In responding to a natural disaster their vulnerability is heightened irrespective of their socio -economic status simply based on the gender role they play within their family and community. They are more likely to care for young children and aging relatives, more likely to have limited or no access to a car or vehicle or even to disposable income to flee the pathway of a pending storm or natural disaster.
In addition to these conditions during an imminent natural disaster, we might also consider the day-to-day implications of a warming planet and the impact this has on those who depend on natural resources to survive. At only 1.0 degrees Celsius of global warming, we have already witnessed a decade of “an astonishing run of record-breaking storms, forest fires, droughts, coral bleaching, heat waves and floods all around the world.” Women who live in coastal towns and villages or who depend on subsistence farming to sustain their families and/or to earn a modest income are particularly vulnerable to these disasters.
According to the International Labour Organization, women make up 41% of the world’s agricultural labour force and this rises to 49% for low income countries. The ILO also recognises that climate change will further exacerbate rural women’s vulnerability to discrimination, exclusion and exploitation. This is particularly acute for tribal and indigenous women.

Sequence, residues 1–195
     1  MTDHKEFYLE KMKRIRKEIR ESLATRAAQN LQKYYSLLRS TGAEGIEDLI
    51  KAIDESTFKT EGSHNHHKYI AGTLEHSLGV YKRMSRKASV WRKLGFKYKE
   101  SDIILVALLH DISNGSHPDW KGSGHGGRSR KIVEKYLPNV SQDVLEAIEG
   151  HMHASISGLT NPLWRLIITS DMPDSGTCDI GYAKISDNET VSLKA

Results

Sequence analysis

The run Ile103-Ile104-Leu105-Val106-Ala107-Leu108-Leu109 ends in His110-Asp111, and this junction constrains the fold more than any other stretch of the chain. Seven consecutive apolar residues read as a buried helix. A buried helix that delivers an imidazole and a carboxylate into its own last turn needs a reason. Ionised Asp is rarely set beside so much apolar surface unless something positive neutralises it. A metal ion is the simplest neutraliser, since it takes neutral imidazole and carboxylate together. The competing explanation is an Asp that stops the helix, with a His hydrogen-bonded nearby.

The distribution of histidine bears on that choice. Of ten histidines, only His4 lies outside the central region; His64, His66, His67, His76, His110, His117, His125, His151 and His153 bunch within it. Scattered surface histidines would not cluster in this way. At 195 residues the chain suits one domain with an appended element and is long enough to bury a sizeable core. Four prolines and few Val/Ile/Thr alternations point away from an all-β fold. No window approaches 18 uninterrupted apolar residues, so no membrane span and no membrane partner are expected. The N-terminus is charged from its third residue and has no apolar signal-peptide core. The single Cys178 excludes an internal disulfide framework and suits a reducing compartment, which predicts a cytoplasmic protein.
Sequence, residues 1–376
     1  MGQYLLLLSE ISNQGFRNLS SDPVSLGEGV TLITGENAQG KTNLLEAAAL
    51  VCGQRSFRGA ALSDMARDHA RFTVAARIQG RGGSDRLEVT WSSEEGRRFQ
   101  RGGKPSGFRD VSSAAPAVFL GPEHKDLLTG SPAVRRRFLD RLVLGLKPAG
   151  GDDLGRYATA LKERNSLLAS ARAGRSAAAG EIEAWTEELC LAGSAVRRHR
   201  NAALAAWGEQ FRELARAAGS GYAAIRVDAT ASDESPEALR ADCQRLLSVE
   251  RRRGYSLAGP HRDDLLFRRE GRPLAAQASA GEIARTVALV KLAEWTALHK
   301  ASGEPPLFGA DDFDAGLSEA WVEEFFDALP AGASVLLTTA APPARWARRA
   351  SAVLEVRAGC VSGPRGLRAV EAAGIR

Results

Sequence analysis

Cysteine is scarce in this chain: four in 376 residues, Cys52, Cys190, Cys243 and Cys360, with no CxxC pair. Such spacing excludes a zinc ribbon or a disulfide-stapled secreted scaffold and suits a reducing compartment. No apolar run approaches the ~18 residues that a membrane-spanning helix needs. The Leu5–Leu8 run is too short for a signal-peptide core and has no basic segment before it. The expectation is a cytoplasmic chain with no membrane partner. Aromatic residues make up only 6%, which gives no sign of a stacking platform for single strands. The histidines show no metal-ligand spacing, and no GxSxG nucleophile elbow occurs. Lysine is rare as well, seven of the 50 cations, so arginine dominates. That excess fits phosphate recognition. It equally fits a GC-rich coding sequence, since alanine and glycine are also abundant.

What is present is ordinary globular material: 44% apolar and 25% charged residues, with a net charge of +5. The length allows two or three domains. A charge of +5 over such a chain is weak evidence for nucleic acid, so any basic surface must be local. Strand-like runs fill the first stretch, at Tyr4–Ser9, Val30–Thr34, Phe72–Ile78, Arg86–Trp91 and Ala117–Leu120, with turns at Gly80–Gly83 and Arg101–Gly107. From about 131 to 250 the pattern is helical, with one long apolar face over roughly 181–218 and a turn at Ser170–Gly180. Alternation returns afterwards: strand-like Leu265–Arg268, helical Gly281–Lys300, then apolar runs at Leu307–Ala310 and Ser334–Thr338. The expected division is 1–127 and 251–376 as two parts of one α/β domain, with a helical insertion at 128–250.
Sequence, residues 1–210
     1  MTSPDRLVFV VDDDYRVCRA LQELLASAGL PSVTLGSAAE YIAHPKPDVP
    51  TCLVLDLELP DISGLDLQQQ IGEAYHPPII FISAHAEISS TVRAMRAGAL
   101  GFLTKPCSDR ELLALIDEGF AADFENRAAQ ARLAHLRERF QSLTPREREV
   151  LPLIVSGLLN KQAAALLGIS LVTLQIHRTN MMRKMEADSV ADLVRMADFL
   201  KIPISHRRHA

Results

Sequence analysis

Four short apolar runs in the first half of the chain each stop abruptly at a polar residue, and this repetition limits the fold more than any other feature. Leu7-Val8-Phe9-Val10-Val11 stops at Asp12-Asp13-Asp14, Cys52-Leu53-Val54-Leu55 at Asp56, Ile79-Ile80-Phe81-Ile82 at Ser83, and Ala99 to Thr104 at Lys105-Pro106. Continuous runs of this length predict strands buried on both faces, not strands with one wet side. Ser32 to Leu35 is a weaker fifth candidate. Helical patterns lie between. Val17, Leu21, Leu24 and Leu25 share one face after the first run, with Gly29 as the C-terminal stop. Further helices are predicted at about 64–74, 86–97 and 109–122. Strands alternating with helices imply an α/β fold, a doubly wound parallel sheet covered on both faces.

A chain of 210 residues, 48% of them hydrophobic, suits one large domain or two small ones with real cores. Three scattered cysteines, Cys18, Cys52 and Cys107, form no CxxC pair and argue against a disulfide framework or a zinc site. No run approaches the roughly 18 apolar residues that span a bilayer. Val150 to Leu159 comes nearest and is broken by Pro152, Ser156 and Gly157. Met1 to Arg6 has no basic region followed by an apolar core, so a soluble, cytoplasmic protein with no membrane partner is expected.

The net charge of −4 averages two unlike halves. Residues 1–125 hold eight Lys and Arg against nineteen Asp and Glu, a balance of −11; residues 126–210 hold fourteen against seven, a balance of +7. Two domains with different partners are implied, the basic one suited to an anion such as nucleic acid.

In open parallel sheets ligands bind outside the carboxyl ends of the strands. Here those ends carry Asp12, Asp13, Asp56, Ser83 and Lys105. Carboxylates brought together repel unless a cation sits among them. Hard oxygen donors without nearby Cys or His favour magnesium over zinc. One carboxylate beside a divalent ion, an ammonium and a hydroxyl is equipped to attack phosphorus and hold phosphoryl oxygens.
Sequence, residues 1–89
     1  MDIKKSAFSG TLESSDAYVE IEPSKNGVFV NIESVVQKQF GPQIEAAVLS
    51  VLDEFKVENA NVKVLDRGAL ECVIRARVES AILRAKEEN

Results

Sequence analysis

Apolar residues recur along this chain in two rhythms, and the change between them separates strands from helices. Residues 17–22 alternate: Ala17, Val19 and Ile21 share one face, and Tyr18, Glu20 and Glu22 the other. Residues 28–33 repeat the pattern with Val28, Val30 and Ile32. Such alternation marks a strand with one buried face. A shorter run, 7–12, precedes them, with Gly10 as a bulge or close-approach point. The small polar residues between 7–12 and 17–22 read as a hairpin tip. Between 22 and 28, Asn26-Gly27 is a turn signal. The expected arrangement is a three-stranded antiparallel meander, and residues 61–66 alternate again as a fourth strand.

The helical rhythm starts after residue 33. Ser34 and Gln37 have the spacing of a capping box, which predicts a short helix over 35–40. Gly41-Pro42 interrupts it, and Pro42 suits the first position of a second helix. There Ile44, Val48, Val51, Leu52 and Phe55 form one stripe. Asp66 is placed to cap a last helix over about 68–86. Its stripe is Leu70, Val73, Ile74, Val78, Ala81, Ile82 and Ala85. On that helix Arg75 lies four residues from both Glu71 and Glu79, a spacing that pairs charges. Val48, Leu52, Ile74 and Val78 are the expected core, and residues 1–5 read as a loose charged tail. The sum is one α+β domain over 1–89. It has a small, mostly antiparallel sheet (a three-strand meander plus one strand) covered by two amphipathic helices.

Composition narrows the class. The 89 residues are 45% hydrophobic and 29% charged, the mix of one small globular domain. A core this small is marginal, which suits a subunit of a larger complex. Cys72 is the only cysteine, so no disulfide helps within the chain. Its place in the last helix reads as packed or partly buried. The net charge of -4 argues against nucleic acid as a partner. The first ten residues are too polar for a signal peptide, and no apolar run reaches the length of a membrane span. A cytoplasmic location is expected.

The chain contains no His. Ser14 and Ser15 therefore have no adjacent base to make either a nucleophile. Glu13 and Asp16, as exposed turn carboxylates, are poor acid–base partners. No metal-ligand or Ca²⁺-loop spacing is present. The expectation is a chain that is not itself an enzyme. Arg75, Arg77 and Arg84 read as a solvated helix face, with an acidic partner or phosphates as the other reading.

Women also make up half of the workforce within the seafood industry – from subsistence aquaculture through to processing and packaging. Imagine the impact of a warming ocean on fish stocks and thus the livelihoods of so many. They are on the frontlines of a threat that is not a nebulous issue but a day to day fight to survive. For them, it is matter of life and death.
Given all these factors at last year’s COP23 in Lima the international community developed a Gender Action plan with five key priority areas which include: -
- Capacity building, knowledge sharing and communication – how to integrate gender considerations in programmes and activities in the Paris Agreement;